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Why Do PlayStation Keep Having Trouble Releases for Games on PC?




When PlayStation decides to port blockbuster titles to PC, it’s always a big deal. But let’s face it – the transition hasn’t been smooth. Many PC gamers have been frustrated by buggy releases and performance issues. So why does this keep happening? Let’s explore.

Difficulties of Porting Games on PC

You can’t help but feel bewildered when a PC game launches alongside its console version, yet it’s filled with bugs. If the game carries the same price tag and features similar content, why is the PC version usually lagging in performance? The main reason for this is the diversity of personal computer hardware specifications. Unlike consoles with defined specifications, there are countless types of PCs.

However, the variation in configuration remains both a curse and a blessing. When you try to max out your graphics, it’s possible to put too much pressure on your PC, making it slow for some people. That’s only one example.

And, of course, developers can’t test all possible combinations of personal configurations due to these complex interactions between software and hardware pieces, resulting in uncountable possibilities globally. A good example is the day-one patch culture, where early adopters unknowingly become beta testers who find bugs that developers will quickly fix.

Maybe that’s why Microsoft games outshine Sony.

Could a Closed Ecosystem Model Like Sweepstake Casinos Work?

Sweepstakes casinos are a closed system that demands uniformity and novelty in the face of multi-platform gaming challenges – the new sweeps casinos 2023 real money are some of the best in terms of operating. They provide users with a standardised experience across all channels of their use. In a way, it is just like PlayStation’s control over its console space, ensuring game optimisation for specific hardware.

Sweepstakes casinos use technology that guarantees secure and transparent gambling operations. These systems often incorporate features like digital collectables or unique rewards to increase user involvement. Therefore, being confined within these systems makes it easier for players to have an uninterrupted experience, unlike cross-platform play, which has several disparities involved in it.

Do you think the same concept could work for PlayStation?

The Challenge of Game Engines

Apart from hardware differences, the game engine design could pose significant problems during porting. Porting is more than just transferring files. There are often big changes needed for games to work on PCs.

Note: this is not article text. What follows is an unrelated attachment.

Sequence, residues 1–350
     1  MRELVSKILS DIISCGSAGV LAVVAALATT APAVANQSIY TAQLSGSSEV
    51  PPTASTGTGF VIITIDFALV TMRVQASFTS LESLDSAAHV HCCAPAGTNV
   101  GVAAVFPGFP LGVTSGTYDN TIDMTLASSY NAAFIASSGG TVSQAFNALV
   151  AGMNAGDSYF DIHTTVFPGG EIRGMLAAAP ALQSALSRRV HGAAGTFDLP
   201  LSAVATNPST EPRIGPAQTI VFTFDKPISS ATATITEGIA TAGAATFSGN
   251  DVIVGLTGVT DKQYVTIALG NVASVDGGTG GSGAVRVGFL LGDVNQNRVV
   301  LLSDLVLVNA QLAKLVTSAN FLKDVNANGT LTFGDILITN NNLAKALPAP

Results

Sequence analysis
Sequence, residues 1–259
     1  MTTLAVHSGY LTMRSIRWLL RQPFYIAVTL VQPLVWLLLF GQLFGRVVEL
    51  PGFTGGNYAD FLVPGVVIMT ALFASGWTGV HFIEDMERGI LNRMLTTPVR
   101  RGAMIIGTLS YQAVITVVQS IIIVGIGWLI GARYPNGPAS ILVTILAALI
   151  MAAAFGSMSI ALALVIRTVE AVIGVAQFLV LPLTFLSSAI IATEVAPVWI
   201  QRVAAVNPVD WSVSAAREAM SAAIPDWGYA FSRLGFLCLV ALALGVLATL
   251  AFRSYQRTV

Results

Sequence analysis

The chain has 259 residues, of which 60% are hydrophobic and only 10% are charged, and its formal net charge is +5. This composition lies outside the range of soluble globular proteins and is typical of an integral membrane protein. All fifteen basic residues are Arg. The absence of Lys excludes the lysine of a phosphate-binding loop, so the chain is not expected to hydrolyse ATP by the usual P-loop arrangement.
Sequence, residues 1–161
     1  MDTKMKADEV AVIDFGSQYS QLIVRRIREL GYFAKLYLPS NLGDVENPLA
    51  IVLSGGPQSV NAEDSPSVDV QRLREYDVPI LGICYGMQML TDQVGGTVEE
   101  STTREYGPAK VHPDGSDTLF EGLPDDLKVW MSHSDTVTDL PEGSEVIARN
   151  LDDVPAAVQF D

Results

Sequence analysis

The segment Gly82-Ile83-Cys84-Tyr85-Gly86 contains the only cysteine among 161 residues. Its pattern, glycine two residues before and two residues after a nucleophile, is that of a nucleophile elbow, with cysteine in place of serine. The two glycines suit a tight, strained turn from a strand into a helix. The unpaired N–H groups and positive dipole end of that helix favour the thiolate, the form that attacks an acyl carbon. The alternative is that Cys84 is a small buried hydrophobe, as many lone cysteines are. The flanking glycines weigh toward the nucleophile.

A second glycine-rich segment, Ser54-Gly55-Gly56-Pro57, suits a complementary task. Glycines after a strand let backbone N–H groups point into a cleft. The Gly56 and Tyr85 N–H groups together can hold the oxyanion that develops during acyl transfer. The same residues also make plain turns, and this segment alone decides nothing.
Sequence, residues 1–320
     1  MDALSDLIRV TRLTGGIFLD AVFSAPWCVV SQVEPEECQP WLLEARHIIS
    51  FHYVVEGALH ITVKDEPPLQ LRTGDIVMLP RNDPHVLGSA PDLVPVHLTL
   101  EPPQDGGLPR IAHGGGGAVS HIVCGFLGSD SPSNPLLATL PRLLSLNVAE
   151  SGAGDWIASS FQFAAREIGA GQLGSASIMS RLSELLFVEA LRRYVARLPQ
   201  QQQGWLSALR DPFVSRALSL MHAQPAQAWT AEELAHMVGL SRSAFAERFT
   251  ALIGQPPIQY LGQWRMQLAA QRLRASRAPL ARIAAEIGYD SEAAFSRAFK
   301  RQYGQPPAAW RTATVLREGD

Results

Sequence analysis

For example, the engines for Star Wars Jedi: Survivor and The Last of Us Part 1 Remake have caused some issues. Jedi: Survivor used Unreal Engine 4 and suffered from stuttering and poor CPU threading, which are typical troubles with Unreal games on PC.

You also have The Last of Us Part 1 operated on a different engine designed solely for the PlayStation platform – it wasn’t initially intended for support with Windows OS. Naughty Dog’s modern titles had never been released on PC before last year, while Unreal was built to facilitate multiple-platform development. If it’s not specifically made for the game engine, it’s easy for there to be issues.

Customising Controls

The control scheme is another sticking point when it comes to PC ports. Most PC launchers can handle controllers, but many prefer using a mouse and keyboard because of their accuracy. Still, adapting controls originally designed for a gamepad can be a complex task.

On gamepads, players can move joysticks by an amount, varying the speed or movement. It isn’t possible when we are talking about keyboards. And, with mice or touchscreens, you can point at a specific position, while any position is possible with controllers.

These disparities may influence combat and menu navigation, resulting in an awkward experience on PC that lacks response. Examples like Gotham Knights have shown how terrible control schemes can ruin an otherwise great game. Initially, it had some situations where there was no possibility for mouse movements and essential customisations, making gameplay impossible.

Then again, you have some games it works incredibly for, like Call of Duty.

Reputational Damage

Gamers expect perfection from expensive, high-end gaming rigs worth thousands of dollars. Unfortunately, this demand isn’t always met. Recent post-launch patches were required after PC ports – like The Last of Us Part 1, Star Wars Jedi: Survivor and Redfall – to address several performance issues. From graphical glitches to game-breaking bugs, these problems vary but mostly leave players questioning why they should pay full price for unfinished games. Even if patched up later, games like Horizon Zero Dawn suffer in public opinion  too much.

First-performance hitches can destroy the game’s reputation and make gamers sceptical about future releases. To save resources, small studios may test on only one platform at first, but they risk facing myriad challenges once they reach a wider audience, warns Lawitts.

PlayStation’s switching games from console to PC hasn’t been smooth at all. It seems like there is no end to these challenges. What do you think about the issues they have integrating cross-platform? Don’t you think a big name like Sony should perform better?

Adam loves gaming and the latest Tech surrounding it, especially AI and Crypto Gaming are his fave topics

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